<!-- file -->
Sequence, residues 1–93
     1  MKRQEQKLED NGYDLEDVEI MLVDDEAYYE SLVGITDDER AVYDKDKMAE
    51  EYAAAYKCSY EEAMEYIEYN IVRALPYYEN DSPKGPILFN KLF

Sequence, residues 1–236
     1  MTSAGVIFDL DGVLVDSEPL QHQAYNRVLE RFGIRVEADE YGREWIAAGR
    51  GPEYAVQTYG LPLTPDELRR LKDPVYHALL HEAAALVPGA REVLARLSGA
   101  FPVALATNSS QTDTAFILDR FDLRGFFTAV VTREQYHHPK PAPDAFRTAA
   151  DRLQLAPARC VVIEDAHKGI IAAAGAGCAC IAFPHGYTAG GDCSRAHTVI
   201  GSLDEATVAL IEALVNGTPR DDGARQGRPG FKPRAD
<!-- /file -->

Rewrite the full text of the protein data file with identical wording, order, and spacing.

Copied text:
Sequence, residues 1–93
     1  MKRQEQKLED NGYDLEDVEI MLVDDEAYYE SLVGITDDER AVYDKDKMAE
    51  EYAAAYKCSY EEAMEYIEYN IVRALPYYEN DSPKGPILFN KLF

Sequence, residues 1–236
     1  MTSAGVIFDL DGVLVDSEPL QHQAYNRVLE RFGIRVEADE YGREWIAAGR
    51  GPEYAVQTYG LPLTPDELRR LKDPVYHALL HEAAALVPGA REVLARLSGA
   101  FPVALATNSS QTDTAFILDR FDLRGFFTAV VTREQYHHPK PAPDAFRTAA
   151  DRLQLAPARC VVIEDAHKGI IAAAGAGCAC IAFPHGYTAG GDCSRAHTVI
   201  GSLDEATVAL IEALVNGTPR DDGARQGRPG FKPRAD